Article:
While some of the 300-plus residents across PCI’s homes were children during the war, or born after it, Margaret McKeague, who lives in PCI’s newest home, Trinity House in Garvagh, was 19 when at the outbreak of hostilities in September 1939. That month she volunteered for the VADs, female civilians who worked alongside military nurses in hospitals caring for injured servicemen.
Born in May 1920, in the village of Culdaff in County Donegal, a year before partition, Margaret lived with her parents and 7 brothers and sisters on the Inishowen peninsula, before moving to London in her late teens to work for HM Customs & Revenue. Recalling why she volunteered she said, “I felt I had to do something. I would never have been ‘called up’ as I was in a reserved occupation, so I volunteered.”
Working in hospitals around Bristol, South Wales and Liverpool, she was given basic nursing training and looked after naval personal, “I felt I was doing something useful for the servicemen. They weren’t officers and they appreciated the comfortable conditions in the hospitals. They were very respectful to us and used to call me ‘Nurse Paddy’. I remember the Nursing Commandant told me not to let them be so familiar, telling the men my first name, but I explained it was only because they knew I was from Ireland. I managed quite well with the nursing duties, with only very basic training, and managed not to kill anyone!”
When it comes to VE Day itself, Margaret remembers it well, “I was in a hotel in Princes Street in Edinburgh for a short break with a friend who was also VAD. We heard a commotion and looked out of the hotel window and saw that the streets were lined with people, all jammed in, and on top of the cars. We got dressed quickly in our uniforms and joined the revellers outside. We danced the whole night up and down Princes Street. It was unforgettable.”
The Presbyterian Church in Ireland’s Council for Social Witness has responsibility for the running of the denomination’s care homes. As part of the VE Day 75th anniversary commemorations many of the homes have been decorated, by the residents and staff, with different activities taking place.
“It goes without saying, that these are exceptionally difficult days for care homes, their residents and staff,” said Lindsay Conway, Director of PCI’s Council for Social Witness. “I can’t praise our teams enough for all that they are doing during this Coronavirus emergency, which has seen our staff go the extra mile in so many different ways to save lives and to keep everyone we care for safe.
“While our homes have been in lockdown for nearly eight weeks now, I hope that these celebrations, activities and parties for folk, who like Margaret and others served during the war, will provide a timely lift in these days. For everyone who has baked, put up bunting, organised tea parties and remembrance services, all within the current regulations, it is just another example of staff going that extra mile,” Mr Conway said.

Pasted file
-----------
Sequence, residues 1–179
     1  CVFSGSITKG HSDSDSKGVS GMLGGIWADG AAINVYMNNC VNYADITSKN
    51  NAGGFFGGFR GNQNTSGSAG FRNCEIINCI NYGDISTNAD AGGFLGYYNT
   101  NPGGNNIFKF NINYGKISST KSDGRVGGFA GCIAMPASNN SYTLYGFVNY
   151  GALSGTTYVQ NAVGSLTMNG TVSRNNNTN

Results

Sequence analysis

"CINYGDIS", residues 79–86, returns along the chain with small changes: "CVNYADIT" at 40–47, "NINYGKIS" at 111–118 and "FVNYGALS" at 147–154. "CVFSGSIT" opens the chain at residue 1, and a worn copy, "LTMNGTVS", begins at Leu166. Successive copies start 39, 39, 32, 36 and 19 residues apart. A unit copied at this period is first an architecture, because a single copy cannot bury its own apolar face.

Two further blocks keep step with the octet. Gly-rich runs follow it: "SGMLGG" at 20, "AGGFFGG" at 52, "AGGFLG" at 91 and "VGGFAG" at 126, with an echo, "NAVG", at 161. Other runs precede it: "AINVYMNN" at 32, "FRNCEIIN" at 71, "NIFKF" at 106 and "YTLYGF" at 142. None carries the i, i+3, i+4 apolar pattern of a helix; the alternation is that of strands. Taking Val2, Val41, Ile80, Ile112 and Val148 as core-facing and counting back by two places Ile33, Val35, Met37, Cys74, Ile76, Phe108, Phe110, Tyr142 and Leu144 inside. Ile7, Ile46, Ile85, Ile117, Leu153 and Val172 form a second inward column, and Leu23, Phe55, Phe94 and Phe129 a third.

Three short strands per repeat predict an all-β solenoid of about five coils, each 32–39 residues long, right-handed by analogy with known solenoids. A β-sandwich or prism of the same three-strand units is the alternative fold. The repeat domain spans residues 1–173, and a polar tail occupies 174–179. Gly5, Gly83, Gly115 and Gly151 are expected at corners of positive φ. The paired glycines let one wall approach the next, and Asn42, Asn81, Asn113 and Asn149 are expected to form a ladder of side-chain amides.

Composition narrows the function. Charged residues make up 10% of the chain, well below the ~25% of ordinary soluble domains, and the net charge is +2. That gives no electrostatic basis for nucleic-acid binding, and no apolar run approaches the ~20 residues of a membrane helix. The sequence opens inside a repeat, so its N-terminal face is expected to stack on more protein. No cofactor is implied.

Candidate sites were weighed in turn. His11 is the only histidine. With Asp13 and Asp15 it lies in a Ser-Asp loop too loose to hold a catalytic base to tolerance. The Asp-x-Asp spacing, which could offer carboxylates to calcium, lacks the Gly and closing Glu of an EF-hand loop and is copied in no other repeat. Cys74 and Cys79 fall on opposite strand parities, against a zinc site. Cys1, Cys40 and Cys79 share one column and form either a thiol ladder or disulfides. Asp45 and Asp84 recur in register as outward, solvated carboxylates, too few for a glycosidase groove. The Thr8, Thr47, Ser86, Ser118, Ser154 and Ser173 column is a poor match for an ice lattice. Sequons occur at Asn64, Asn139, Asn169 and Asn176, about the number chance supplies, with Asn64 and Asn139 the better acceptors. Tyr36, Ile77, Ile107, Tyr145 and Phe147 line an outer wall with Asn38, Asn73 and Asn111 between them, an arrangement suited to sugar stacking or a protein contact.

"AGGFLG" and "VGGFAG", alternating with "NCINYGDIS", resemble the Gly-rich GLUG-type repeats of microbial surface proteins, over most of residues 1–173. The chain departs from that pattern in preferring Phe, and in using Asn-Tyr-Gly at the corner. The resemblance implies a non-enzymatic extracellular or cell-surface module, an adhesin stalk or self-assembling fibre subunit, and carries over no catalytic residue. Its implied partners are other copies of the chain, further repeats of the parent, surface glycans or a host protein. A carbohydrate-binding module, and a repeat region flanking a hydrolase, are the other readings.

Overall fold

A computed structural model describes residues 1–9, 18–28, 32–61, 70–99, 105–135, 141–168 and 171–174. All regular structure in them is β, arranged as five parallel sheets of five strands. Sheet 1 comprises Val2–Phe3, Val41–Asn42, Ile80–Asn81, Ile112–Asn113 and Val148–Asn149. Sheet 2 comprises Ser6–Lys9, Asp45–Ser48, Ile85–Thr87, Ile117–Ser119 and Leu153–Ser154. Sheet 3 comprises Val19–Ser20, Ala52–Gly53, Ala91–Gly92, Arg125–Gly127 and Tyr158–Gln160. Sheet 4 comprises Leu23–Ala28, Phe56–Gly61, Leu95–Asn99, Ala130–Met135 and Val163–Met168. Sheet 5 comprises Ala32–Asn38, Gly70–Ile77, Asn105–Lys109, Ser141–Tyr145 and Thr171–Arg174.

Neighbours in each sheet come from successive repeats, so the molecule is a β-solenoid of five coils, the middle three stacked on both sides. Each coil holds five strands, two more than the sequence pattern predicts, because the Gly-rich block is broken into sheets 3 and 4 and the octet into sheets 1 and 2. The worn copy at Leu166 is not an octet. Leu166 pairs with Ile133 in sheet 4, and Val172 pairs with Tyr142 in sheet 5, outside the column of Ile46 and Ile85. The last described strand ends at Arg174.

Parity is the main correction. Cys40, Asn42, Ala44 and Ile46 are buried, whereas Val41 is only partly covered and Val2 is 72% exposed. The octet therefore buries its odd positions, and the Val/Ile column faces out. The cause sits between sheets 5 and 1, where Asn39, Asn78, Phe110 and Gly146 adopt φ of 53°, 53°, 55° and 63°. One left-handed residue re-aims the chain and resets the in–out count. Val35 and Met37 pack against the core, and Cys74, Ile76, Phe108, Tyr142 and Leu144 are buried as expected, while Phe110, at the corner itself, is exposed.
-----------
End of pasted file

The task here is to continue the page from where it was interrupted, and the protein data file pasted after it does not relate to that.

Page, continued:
In Trinity House, the home has been decorated with flags and memorabilia with a special focus on the Royal Air Force, in memory of a resident who passed away earlier this this year and had fought in the Battle of Britain in 1940. A ‘street party’ has been planned with a special menu, along with a short memorial service at which Margaret will read a prayer.
Residents in Aaron House, PCI’s residential home for people with profound learning and physical disability in Dundonald, have drawn pictures of doves of peace and will have a BBQ. Lawnfield House, a respite home in Newcastle, have already been treated to a piper who played outside in the garden. They also have other activities lined up including a special game of ‘pinning the cigar on Churchill’. Residents in Adelaide House in south Belfast and Sunnyside House in Bangor have written about their memories. Residents of Willow Brook, PCI's supported housing scheme in Coleraine for people with a learning disability took the opportunity to bake.
Photos (1) Donegal born Margaret McKeague, who turns 100 next week, holds a picture of herself in the uniform of the Voluntary Aid Detachment, which she volunteered for in 1939, serving throughout the war until 1945 (2) Jen, one of the residents of Aaron House in Dundonald with the dove of peace that she made to commemorate the 75th anniversary of the ending of the Second World War in Europe.
To mark the 75th anniversary of Victory in Europe Day, Presbyterian Moderator, Rt Rev Dr William Henry, joined the leaders of the Church of Ireland, Methodist Church in Ireland, Roman Catholic Church, and the Irish Council of Churches, in issuing a joint statement that reflects on how peace was won and how it ‘is still a costly, precious and fragile commodity…’
The Leaders of Ireland’s main churches concluded by saying ‘With God’s help may we together work to create and shape a better and more peaceful world where love and respect is at the centre of all our thinking.’ You can read the joint statement here.